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Discussion Starter #1
Leaving the thread on "Union Auckland" on Union Shipping , NZ, hereby the story of Nauru Shipping of Nauru, a small Polynesian island.
This shipping company operated several ships in the 70's and 80's out of Nauru Building, Melbourne.
Bulkcarriers Rosie-D and Kolle-D regularly picked up phosphate from Nauru to Australia.
They also operated "Eigigu" and "Eigamoya" , both standard cargo ships and also looked after a large fishing boat.
The company folded early 90's.
Is there anybody with more information?I knew all vessels very well, supervised drydockings in Melbourne and elsewhere and hereby some pics of Kolle-D which docked in Subic Bay, Philippines in 1982. And yes that is a young me on the photo.
The dockyard Philseco was established and initially operated by Kawasaki Japan who send about 40 Japanese technicians.
Kolle-D was the 4th ship to drydock in this massive 500.000 tonnes drydock.

"Kolle-D used an exceptional good quality anitfouling"
 

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KOLLE D (1973/19,564grt)was also a regular visitor to New Zealand, mainly to North Island ports.
The ROSIE D I don't think came here much.
EIGAMOIYA (1969/4,426grt) I saw in Auckland a couple of times, she came for drydocking, but otherwise she never came here. I believe she was built as a supply ship for the Island, with the capability of being able to lay and retrieve the large buoys used around the Island. I always thought of her as a particularly attractive little ship.
EIGUGU was another of the fleet that used to come to Auckland for docking.
ENNA G (1961/9,423) was another of their ships. She was built as the PRINSES MARGRIET in 1961 for the Dutch Oranje Lijn for their Europe - St. Lawrence - Great Lakes service.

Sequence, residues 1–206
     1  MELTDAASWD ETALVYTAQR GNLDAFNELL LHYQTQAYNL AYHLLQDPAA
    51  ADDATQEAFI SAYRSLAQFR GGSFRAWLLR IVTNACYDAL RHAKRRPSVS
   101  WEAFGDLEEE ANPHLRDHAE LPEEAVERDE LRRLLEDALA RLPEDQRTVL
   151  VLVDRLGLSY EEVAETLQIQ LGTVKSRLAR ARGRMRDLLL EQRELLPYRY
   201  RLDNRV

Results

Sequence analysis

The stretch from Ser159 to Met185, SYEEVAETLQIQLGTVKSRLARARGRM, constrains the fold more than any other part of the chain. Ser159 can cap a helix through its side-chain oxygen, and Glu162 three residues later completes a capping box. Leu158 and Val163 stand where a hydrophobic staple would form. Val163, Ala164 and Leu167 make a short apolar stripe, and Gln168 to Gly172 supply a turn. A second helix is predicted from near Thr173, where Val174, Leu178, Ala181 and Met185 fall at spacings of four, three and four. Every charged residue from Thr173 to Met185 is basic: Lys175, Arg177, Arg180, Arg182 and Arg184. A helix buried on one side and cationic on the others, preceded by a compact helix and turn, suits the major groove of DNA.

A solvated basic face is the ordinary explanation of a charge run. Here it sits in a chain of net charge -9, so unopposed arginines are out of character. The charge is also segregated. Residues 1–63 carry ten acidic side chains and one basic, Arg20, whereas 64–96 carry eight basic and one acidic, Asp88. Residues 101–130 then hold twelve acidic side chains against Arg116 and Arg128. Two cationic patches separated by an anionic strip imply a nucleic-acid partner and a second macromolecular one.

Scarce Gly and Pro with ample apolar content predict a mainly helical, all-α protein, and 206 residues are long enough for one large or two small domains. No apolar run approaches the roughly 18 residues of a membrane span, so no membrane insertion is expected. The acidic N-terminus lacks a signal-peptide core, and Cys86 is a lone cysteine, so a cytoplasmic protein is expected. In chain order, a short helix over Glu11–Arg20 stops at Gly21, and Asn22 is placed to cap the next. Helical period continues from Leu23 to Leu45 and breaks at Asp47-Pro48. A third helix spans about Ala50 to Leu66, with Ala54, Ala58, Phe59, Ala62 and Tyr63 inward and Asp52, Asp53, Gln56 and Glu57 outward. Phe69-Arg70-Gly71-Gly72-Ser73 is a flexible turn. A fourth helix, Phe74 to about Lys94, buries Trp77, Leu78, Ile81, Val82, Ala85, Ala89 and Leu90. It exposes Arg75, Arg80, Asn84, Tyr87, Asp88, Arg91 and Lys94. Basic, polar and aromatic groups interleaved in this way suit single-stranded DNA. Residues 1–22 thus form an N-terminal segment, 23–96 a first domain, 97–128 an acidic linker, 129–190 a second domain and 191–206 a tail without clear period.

The funnel colours used by the Nauru Pacific Line are interesting. The dark blue of the funnel represents the ocean, the narrow yellow band stands for the equator with a twelve pointed white star below it - Nauru being situated just south of the equator. The twelve pointed star represents the twelve basic tribal groups in Nauru.
 

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Discussion Starter #3
Thanks for the story David.
Yes, I also remember the Enna-G , however, they did not operate that vessel for a long time.
I visit my old office later this week, so will try to dust off some archives, there must be thousands of photos gathered over the years, but have to try and find them.
The "Eigigu" was originally British I think.
The "Eigamoya" has been laid up in Melbourne many times.
Each time Nauru Shipping did not pay their bills, then the easiest we did was to arrest the Eigamoya.
I presented accounts to the sherriff's office and bingo within 2 weeks the funds were released.
At one stage the vessel was there over a year with only 4 crew members on board until she was sold.
Nauru went bankrupt and even had to sell "Nauru House" a 53 storey building in the centre of Melbourne.
 

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ROSIE D,Namura built 1977,in 2004 in service as JI MEI DA.
KOLLE D Namura built 1973 sold and renamed POPI ,and now broken u
Ciao
Gp
 

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Discussion Starter #5 (Edited)
In fact it was the Enna-G which was laid up for over a year alongside the Duke and Orr Drydock in Melbourne at the time.
I remember having been on board various times, they had a crew of 4, just getting paid to keep watch.
I remember the Dutch names on the cabins and also some teakwood panelling and doors, the ex" Prinses Margriet".

The Enna-G is probably gone and so is the shipyard in Melbourne.
The floating dock was shipped to China by a huge Chinese tugboat, but both the dock and the tugboat sank halfway, this is back in the late eighties.
I know I took photos, but where are they...?
 

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tanker said:
ROSIE D,Namura built 1977,in 2004 in service as JI MEI DA.
KOLLE D Namura built 1973 sold and renamed POPI ,and now broken u
Ciao
Gp
Thanks, Tanker. Anyone know what happened to the EIGAMOIYA? I've often wondered......
 

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EIGAMOIYA, built 1969,Robb Caledon Leith,in 2004 result the ASOKA II,Hond.
flag ,unconf, fleetmanagers.
Gp
 

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Discussion Starter #9
Now we are getting to the details.
Yes. There was Bill Shorton, a Scotchman, and John Loving, the latter died of a heart attack some 10 years ago.
I heard that Bill Shorton has also said this world farewell.